They can make a choice and when they realise it was wrong, they can even revise their decision. That is absolutely fascinating. And 50,000 bees together make a large brain that has even more capacities. Why are the bees so important? Aren’t there other pollinators that can maintain the food chain?

M.I.: Yes, there are, but they are not loyal to specific flowers. They go from the cherry tree to the dandelion and nothing is pollinated. The wind also plays a role but only with plants such as corn and rice.

Everything that makes eating particularly enjoyable is pollinated by bees. In a hamburger there would be no lettuce, no mustard, no ketchup, no onions – only dry bread with beef from cows that have not eaten any clover.

Our lives would be pretty boring if there were no more bees. I hope this ‘Aha’ moment has some impact on people when they see the film. Every third bite that we eat would not exist without bees. Albert Einstein is supposed to have said that if the bees died out, four years later mankind would follow. Was he right?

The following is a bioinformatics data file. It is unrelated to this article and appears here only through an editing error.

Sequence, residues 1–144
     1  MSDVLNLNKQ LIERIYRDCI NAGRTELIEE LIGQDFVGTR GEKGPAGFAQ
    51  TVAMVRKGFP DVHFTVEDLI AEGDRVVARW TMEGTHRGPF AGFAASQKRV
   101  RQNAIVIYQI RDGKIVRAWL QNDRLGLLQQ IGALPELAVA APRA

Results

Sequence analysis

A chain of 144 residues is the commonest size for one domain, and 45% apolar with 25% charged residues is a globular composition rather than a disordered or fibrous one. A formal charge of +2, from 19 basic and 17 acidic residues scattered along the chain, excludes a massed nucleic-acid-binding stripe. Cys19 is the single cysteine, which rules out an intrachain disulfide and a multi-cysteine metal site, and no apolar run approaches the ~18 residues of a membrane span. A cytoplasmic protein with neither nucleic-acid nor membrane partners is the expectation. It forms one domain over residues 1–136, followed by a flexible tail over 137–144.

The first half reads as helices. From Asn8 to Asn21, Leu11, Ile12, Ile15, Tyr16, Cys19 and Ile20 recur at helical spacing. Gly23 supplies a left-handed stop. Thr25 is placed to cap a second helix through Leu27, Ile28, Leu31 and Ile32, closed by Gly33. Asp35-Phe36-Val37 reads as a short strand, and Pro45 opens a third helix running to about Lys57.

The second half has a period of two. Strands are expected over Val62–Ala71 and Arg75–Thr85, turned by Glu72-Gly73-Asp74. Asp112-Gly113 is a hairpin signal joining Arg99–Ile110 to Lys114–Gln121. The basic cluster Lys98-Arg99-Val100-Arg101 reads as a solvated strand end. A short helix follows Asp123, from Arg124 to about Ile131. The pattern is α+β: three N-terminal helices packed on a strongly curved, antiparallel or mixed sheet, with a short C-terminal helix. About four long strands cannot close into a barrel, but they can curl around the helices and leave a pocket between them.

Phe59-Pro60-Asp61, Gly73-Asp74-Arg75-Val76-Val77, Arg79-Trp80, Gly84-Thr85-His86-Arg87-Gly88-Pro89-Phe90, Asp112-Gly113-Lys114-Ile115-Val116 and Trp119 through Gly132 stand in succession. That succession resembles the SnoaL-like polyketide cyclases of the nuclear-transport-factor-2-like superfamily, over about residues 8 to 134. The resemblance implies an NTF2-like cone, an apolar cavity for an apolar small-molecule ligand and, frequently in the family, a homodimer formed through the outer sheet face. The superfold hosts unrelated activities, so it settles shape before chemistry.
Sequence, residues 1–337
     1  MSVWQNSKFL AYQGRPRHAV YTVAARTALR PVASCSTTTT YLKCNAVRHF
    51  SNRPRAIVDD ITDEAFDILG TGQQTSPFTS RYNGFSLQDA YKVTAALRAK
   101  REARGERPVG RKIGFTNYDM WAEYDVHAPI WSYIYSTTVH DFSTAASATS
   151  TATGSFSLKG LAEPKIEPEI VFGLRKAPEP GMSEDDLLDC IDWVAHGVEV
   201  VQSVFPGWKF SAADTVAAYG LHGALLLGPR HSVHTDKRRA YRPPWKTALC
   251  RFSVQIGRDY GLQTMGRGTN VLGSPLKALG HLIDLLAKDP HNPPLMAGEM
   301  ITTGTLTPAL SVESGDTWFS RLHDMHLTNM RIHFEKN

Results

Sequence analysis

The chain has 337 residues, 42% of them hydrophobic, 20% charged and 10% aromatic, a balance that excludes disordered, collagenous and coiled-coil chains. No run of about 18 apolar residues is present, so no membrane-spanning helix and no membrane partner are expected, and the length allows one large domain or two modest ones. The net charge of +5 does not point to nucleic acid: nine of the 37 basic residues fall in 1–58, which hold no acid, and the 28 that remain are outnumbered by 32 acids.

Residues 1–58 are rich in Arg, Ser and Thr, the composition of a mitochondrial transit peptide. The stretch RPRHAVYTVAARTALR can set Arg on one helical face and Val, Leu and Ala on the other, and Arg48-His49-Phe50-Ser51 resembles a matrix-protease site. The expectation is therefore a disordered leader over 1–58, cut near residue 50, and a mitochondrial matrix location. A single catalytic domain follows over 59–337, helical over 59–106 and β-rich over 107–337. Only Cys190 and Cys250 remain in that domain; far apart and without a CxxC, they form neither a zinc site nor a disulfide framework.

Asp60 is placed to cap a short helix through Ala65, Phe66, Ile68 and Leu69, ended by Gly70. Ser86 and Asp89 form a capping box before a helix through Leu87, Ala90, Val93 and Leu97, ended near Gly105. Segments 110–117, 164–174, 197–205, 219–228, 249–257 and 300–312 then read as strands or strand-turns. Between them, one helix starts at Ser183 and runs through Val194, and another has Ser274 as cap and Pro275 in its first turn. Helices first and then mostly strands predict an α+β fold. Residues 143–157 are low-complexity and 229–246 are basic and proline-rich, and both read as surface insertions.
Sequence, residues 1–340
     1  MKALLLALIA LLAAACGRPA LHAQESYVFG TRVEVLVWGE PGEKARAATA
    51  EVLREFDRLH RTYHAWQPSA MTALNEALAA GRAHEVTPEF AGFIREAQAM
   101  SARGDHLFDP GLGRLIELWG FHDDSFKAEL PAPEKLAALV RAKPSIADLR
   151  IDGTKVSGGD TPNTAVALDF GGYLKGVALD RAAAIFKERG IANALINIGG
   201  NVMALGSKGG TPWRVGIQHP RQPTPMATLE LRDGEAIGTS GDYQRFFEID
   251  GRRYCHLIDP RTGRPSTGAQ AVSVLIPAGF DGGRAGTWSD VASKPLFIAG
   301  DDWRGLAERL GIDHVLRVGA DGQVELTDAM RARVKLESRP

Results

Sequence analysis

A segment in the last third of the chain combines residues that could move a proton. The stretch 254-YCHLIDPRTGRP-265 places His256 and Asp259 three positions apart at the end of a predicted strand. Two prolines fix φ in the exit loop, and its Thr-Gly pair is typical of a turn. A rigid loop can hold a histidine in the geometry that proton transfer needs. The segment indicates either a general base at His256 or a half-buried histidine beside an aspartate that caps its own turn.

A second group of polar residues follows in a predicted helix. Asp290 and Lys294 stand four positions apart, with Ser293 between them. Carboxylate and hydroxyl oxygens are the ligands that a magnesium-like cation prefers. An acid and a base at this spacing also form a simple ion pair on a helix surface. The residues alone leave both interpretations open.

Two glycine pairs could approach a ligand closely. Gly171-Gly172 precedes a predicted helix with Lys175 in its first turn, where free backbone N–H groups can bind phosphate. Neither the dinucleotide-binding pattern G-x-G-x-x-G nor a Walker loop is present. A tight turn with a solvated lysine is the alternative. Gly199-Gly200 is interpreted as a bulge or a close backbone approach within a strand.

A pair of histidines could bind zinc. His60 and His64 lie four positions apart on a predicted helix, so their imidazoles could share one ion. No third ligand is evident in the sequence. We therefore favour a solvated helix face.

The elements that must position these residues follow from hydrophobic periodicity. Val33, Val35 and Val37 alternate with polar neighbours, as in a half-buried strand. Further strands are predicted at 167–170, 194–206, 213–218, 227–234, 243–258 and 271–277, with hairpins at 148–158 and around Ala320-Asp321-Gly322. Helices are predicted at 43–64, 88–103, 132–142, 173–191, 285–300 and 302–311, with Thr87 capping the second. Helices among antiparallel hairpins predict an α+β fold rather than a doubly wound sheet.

M.I.: I don’t know if we would die out if we only ate bread, without fruit and vegetables. But it is a case of the canary in the coal mine. The bees are a kind of warning signal for us. Why has colony collapse spread so far and wide?

M.I.: This year in Switzerland, up to 70 per cent of colonies have collapsed. There is a whole range of reasons for this that are beginning to have a cumulative effect.

On the one hand  there are insecticides, diseases, the Varroa mite in particular, but also – and much less attention is paid to this – the inbreeding of bees. They have been bred as unthreatening animals so that they don’t sting, but this has also taken a toll on their resistance. There are no more honey bees in the wild. Without human intervention and chemicals it is no longer possible to keep bees in Europe, North America or China. The main message of your film is that bees are not dying because of a parasite, but because of people. What do you mean by this?

M.I.: The central theme is the conflict between evolution and civilisation. Every intervention by civilisation is an interference in nature. That bees have been domesticated, that they have been taken from the tree and locked in a doll’s house, it’s a huge interference.